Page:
India today emits more than three billion tonnes of carbon dioxide (CO2) and is the fourth-largest greenhouse gas emitter after the China, US and the EU. Although on per capita basis, India’s emissions are still below the global average. India will continue see the biggest increase in fossil fuel CO2 emissions. This is partly due to rapid economic growth, industrialisation, and efforts to bring electricity in rural communities. While renewables will certainly replace a part of the current energy mix, the country will be largely dependent on coal and fossil fuels for industry and electricity in the foreseeable future. Along with renewables, the solution to a green and economically vibrant India, thus, lies in exploiting clean coal technologies based on gasification and carbon capture.
Along with gasification of coal, carbon capture, use and storage (CCUS) is one of the cornerstones of enabling a clean coal-based economy. The CCUS technology along with coal gasification, when implemented with policy support, offers multiple benefits by engendering a carbon-neutral industrial ecosystem while reducing our extreme dependence on crude oil imports. Simply put, CCUS is the process of capturing waste CO2 from emissions produced from the use of fossil fuels in power generation or industrial processes and then compressing and converting it into liquid form, which is then piped and stored underground — or used for commercial activities. CCUS yields two major benefits: First, it can take out more than 90 per cent of the CO2 from emission streams; and second, it can offer a range of economic goods and revenue streams in the energy and core sectors. Although. CCUS is believed to be a more recent development, we need to understand that carbon capture is not rocket science and — for many decades now — similar technology has been used in the chemical processing industry.
That said, gasification with CCUS needs to be engineered and applied in a way which preserves the economics, growth, quality, and scale of operation of the industrial economy. First, we need to understand the techno-economic appropriateness of different kinds of carbon capture for industries. There are two types of carbon capture – post-combustion and pre-combustion. Post-combustion carbon capture, which captures carbon dioxide from the exit gas stack of power plants, for example, is more expensive because of the diluted concentration of CO2 in the stream. However, the flip side is that given many implementations and the scale, that will likely drop to less than $25 per tonne over time. At the same time, if the captured CO2 could be sold as products, like for EOR, costs to the tune of $15 per tonne to 40 per tonne of CO2 can be recovered. On the other hand, pre-combustion carbon capture in gasification-based systems can be at very economic cost points of about $30 per tonne today. However, in either case, any carbon capture mechanism will initially require policy support in terms of carbon credit and financing mechanism. This is where policy supports in terms of carbon capture and investment credits like the ‘45Q’ in the US come in. Policy support kick-starts a mechanism to increase adoption and drive down the cost of capture, speeds up the markets for carbon trade and more than offsets the deficits through taxes collected on the incremental value created in the economy.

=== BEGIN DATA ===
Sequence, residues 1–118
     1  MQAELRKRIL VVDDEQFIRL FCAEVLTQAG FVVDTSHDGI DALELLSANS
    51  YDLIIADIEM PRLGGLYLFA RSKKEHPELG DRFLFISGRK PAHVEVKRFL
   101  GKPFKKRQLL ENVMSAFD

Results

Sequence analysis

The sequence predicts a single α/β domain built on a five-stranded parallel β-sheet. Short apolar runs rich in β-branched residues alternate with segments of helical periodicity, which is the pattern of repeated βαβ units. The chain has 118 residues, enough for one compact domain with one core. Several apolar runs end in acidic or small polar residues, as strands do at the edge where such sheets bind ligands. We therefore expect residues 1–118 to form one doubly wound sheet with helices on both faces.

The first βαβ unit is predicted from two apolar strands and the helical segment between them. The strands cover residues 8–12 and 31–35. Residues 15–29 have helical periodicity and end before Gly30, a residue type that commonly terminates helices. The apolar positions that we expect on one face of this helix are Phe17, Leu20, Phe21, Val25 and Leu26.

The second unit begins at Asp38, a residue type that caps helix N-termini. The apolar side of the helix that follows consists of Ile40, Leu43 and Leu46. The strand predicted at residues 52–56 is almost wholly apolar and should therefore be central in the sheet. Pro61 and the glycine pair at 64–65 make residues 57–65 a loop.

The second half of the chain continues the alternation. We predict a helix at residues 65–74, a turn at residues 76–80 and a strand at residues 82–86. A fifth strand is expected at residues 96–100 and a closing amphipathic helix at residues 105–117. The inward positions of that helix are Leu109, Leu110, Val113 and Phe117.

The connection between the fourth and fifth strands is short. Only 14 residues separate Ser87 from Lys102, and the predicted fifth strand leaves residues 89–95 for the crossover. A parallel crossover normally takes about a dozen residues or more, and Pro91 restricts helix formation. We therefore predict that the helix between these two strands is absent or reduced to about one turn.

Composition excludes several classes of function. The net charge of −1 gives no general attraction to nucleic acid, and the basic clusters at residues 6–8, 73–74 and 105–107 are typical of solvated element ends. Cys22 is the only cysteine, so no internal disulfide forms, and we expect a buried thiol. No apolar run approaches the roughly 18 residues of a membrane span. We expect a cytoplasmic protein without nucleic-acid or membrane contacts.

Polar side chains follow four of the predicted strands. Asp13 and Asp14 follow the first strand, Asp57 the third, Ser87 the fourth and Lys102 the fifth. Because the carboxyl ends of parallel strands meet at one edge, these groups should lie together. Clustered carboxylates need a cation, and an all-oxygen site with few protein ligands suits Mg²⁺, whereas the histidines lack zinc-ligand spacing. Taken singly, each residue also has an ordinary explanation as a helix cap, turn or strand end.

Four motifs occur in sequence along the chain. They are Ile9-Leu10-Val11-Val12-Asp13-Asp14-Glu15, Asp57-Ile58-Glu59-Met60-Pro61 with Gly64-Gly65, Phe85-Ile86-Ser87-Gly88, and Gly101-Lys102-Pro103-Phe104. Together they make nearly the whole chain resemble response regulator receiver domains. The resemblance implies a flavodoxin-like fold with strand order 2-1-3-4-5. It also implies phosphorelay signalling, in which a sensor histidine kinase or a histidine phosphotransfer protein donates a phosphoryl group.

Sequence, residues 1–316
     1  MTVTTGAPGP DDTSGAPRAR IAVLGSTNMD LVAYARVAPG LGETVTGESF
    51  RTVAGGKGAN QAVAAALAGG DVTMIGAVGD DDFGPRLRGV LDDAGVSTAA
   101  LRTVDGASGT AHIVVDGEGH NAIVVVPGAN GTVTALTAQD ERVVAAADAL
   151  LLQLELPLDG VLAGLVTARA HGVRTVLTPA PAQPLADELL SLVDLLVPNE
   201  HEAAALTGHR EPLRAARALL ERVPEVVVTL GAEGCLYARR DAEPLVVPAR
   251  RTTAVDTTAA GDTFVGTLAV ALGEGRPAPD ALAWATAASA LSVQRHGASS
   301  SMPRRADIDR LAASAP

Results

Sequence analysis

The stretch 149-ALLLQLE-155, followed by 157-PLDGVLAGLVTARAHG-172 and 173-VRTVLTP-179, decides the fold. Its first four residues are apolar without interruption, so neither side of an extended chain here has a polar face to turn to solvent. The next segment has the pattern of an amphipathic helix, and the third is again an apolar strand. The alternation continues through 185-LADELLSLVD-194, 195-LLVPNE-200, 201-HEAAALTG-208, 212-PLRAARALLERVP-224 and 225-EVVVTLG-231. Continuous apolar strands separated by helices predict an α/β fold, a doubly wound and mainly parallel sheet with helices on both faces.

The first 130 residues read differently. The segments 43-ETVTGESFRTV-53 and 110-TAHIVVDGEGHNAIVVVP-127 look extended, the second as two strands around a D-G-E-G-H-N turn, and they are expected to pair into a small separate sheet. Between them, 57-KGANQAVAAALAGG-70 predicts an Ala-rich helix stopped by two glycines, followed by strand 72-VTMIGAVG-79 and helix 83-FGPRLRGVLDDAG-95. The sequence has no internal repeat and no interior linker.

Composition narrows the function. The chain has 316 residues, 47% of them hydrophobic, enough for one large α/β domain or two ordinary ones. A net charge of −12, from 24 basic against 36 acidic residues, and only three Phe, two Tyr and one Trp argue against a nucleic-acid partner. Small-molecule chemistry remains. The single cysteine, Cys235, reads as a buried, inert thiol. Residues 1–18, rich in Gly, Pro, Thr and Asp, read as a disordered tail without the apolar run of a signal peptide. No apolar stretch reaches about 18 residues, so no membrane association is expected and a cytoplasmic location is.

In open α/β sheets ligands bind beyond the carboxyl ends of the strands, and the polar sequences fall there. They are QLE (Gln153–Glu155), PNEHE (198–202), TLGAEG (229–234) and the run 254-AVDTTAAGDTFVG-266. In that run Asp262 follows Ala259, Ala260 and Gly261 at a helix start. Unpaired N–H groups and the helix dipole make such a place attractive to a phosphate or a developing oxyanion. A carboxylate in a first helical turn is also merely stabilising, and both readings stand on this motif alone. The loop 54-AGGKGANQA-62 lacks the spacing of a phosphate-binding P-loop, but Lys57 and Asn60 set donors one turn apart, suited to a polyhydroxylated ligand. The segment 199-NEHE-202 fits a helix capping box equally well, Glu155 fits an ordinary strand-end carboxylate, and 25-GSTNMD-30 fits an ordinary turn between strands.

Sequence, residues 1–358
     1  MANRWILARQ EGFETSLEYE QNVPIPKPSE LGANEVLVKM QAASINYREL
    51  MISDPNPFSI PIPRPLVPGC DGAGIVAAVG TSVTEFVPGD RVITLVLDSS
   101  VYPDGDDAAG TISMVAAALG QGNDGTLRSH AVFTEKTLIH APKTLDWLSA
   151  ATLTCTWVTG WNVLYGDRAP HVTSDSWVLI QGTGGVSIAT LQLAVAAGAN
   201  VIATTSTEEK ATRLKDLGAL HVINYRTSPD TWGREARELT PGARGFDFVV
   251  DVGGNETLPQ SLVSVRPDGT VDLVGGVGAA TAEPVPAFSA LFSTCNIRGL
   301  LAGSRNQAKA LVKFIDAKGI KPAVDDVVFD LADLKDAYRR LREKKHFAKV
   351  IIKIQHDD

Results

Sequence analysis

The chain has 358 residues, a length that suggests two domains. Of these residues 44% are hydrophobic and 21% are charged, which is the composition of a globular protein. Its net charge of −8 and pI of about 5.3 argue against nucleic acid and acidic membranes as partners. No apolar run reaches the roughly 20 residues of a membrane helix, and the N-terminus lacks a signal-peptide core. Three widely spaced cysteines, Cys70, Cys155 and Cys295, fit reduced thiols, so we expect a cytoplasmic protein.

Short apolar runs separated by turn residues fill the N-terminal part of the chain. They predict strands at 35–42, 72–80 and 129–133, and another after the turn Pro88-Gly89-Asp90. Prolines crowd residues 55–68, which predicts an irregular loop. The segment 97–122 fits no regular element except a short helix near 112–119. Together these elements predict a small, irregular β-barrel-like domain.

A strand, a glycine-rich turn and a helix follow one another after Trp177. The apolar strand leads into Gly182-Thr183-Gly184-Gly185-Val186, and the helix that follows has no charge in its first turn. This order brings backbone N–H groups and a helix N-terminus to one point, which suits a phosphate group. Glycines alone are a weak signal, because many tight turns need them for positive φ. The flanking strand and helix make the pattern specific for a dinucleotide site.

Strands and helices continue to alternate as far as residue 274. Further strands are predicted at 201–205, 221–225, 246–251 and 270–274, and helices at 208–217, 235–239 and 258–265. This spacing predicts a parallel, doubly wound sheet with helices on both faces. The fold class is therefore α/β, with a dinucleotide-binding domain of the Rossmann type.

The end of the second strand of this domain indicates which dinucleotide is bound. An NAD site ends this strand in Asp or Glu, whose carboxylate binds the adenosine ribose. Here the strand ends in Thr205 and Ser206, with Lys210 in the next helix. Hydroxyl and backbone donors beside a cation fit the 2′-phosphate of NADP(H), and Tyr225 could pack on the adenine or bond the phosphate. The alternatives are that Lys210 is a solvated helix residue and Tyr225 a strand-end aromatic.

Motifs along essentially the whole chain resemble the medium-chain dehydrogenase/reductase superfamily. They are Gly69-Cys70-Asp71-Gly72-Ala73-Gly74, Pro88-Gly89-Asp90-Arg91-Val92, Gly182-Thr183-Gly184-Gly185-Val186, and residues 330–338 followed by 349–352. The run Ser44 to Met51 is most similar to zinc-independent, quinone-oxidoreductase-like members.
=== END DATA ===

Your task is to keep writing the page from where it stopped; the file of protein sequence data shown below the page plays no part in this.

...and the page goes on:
These are not improbable expectations or assumptions. China embarked on industrial scale gasification about 10 years ago. Today, China is the world’s largest methanol producer, and almost all of it is produced through the coal gasification route. Methanol accounts for close to 10 per cent of Chinese fuel consumption and 30 per cent of feedstock for plastics today. Similarly, South Africa is the world’s largest coal gasification-based economy and a variety of commodities ranging from coal-based gasoline to coal-based chemicals are produced by Sasol in South Africa. Emirates Steel in Abu Dhabi captures 800,000 tonnes of CO2 per year and sells it to ADNOC for EOR.The world’s largest commercial scale carbon capture is NRG Energy’s Petra Nova power plant near Houston, Texas, which can capture up to 1.6 million tonnes of CO2 per year. The captured CO2 is used for EOR in the nearby oilfields and in CO2 sale revenues for project’s oil recovery pay. Closer at home, a smaller-scale carbon capture and use plant running at Tuticorin Alkali and Chemicals captures 60,000 tonnes of CO2 per year and uses it for manufacturing baking soda.